“To be invited to this symposium to speak on a panel and have my voice heard in this kind of critical sense is a tremendous honor,” said Brown. “It is honestly something I did not expect this early in my career, and it is definitely an accolade I will hang my hat on.”

Brown’s insight into the sports world is unique, as he is an authoritative voice from both an academic and industry perspective. His research interests include image and reputation management, particularly in sports, and minority recruitment in mass communication. Beyond his research, his work in the sport and entertainment industry includes partnerships with organizations such as the International Olympic Committee, FOX Sports, Twitch, NASCAR and the Country Music Association.

“The fact that Kenon Brown was invited to attend is just another of many examples that his work has reached the highest echelon of academic achievement in sports media scholarship,” said Dr. Andrew Billings. “It’s a very deserved honor and I’d expect many more like them in the coming years for Kenon. He’s a powerful, informed voice in the discipline.”

The Charley Steiner School of Sports Communication at Bradley University is the first named sports communication school in the nation. The school is named in honor of world-class broadcaster Charley Steiner, a four-time Emmy Award winner and National Radio Hall of Fame inductee in his 11th season as a play-by-play announcer for the Los Angeles Dodgers. Steiner spent 14 years anchoring SportsCenter at ESPN while broadcasting baseball, football and boxing. As the first named school of sports communication, it is uniquely positioned for national distinction as it continues to build upon the successes of Bradley University’s premier program.

Plank Center Celebrates Milestones in Mentoring at 9th Annual Gala

The Plank Center for Leadership in Public Relations celebrated its 9thAnnual “Milestones in Mentoring” Gala at the Union League Club of Chicago on Thursday, Oct. 25. More than 300 public relations professionals, educators and students were in attendance, including more than 20 faculty, staff, students and alumni from The University of Alabama.

Each year, the Center recognizes influential leaders whose commitment to mentoring generates a powerhouse of influence and accelerates success in the profession.

Honorees at this year’s mentorship gala included:

  • Legacy:Bob Feldman, partner and co-founder, PulsePoint Group
  • Agency: Dale Bornstein, CEO, M Booth
  • Emerging Leader: Eric Winkfield, public affairs manager, Pepco
  • Educator: Cathy Rogers, Shawn M. Donnelley Professor of Nonprofit Communications, Loyola University New Orleans School of Mass Communication
  • Corporate: Bob Jimenez, senior vice president, corporate affairs, Cox Enterprises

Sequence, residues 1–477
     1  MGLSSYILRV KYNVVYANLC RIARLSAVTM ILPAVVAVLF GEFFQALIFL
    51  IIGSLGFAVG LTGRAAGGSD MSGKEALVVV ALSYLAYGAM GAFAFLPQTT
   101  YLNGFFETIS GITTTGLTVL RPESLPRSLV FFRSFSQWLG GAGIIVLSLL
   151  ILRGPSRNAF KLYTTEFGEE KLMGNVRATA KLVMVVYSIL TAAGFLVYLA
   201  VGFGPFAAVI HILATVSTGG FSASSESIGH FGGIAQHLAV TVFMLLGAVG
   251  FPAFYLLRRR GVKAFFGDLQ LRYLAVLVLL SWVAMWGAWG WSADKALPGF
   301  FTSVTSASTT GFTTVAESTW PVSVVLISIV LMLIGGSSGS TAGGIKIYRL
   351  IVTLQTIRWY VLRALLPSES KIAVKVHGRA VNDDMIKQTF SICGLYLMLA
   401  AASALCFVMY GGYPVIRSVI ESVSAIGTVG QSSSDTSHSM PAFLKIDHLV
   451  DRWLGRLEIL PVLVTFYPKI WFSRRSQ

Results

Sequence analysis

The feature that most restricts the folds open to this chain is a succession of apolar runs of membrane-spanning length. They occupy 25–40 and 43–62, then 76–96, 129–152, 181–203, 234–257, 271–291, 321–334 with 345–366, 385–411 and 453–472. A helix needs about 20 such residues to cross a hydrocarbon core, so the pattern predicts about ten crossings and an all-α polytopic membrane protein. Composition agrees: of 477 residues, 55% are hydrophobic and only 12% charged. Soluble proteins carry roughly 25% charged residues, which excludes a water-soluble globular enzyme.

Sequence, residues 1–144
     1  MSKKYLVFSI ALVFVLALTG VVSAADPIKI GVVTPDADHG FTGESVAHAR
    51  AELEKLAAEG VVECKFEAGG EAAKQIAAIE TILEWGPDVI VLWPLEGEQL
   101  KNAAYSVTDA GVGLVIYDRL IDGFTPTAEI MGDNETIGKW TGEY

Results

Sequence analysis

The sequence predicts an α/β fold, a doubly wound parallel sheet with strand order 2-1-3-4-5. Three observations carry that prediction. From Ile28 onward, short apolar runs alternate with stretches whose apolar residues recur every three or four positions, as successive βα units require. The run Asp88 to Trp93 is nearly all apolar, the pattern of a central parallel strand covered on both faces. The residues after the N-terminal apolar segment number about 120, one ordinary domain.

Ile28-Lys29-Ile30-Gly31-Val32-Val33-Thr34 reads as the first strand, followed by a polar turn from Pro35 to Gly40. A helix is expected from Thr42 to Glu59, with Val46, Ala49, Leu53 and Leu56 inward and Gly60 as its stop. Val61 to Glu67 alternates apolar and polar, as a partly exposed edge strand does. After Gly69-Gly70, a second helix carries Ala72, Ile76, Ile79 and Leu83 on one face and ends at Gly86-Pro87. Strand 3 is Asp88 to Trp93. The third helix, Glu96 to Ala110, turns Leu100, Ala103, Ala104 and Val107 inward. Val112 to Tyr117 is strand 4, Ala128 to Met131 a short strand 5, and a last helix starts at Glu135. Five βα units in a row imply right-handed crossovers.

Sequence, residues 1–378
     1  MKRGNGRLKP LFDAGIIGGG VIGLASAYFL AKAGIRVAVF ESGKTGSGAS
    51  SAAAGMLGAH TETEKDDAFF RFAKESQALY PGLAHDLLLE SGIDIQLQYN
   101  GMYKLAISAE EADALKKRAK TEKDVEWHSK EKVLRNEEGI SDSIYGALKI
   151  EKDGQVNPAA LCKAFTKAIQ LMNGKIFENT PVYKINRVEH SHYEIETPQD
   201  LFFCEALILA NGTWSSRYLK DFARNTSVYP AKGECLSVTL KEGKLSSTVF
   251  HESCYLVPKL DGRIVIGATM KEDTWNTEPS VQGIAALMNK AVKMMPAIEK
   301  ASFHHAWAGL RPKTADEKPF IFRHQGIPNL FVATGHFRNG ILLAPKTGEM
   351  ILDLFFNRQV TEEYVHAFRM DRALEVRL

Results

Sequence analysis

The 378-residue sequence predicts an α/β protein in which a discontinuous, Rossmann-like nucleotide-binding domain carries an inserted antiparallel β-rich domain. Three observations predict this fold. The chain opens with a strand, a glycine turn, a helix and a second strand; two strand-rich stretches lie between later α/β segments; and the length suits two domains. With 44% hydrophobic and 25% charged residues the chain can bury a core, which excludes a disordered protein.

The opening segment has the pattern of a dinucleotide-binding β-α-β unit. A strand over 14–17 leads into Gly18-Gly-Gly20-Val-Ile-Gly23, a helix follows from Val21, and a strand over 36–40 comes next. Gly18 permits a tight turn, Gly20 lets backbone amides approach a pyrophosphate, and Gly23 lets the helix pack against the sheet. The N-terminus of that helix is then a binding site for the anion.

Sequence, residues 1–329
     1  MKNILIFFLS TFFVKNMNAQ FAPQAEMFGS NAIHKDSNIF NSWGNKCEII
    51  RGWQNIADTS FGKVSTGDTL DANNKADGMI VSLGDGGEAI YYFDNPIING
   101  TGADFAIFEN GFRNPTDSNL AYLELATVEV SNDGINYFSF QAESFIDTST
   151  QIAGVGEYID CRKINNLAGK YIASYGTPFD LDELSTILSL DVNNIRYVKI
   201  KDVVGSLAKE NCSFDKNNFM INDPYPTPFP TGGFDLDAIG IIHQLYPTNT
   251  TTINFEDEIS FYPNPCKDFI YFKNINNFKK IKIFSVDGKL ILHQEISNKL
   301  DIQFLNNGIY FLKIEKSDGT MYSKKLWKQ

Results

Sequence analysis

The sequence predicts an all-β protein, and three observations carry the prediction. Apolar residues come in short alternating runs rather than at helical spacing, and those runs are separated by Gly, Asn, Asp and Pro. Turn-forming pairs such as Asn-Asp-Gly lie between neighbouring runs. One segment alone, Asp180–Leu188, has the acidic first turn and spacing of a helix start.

• Executive: Gregg Sherrill, chairman of the board of directors, Tenneco
  • Mentorship: Tom Burrell, former founder and CEO, Burrell Communications

UA faculty, staff and students also had the opportunity to attend a mentorship panel at DePaul University prior to the gala as well as a diversity and inclusion summit Friday morning.

“The evening is not only an opportunity to honor the leading mentors in our field, but also to show off some of UA’s finest, especially our students,” said Dr. Karla Gower, director of The Plank Center and professor in UA’s Department of Advertising and Public Relations.

While some refer to it as “The Oscars of Public Relations,” others deem it “The Best Night in PR,” as the evening takes on an unmatched energy to inspire those in attendance to mentor the next generation of leaders.

More information on the Milestones in Mentoring Gala is available on The Plank Center’s website (www.plankcenter.ua.edu).

About the Plank Center for Leadership in Public Relations

In 2005, the University of Alabama Board of Trustees established The Plank Center. Named for public relations leader and UA alumna, the late Betsy Plank, the Center develops and recognizes outstanding diverse public relations leaders, role models and mentors to advance ethical public relations in an evolving, global society through a variety of initiatives.

In addition to national leaders in the practice and education, the Center’s Board includes an ex officio position for the president of the Public Relations Student Society of America that represents more than 10,000 members in 300-plus colleges and universities.

C&IS to Launch Living Learning Community for Incoming Freshmen

Starting in Fall 2019, first year students with a declared C&IS major can apply to join the Capstone Communication Living Learning Community (LLC). In this community, students will enjoy living, learning and studying alongside peers with shared interests, as well as benefit from social, academic and creative activities related to a wide variety of communication and media practices both on and off campus.

Capstone Communication LLC students will take two courses together in the fall semester (CIS 100 and MC 101) and one course together in the spring semester (COM 123). Additionally, students will have C&IS resident advisors and peer mentors to serve as guides throughout their first year. Programs such as a DMC tour or faculty lunches will be planned monthly for the LLC members.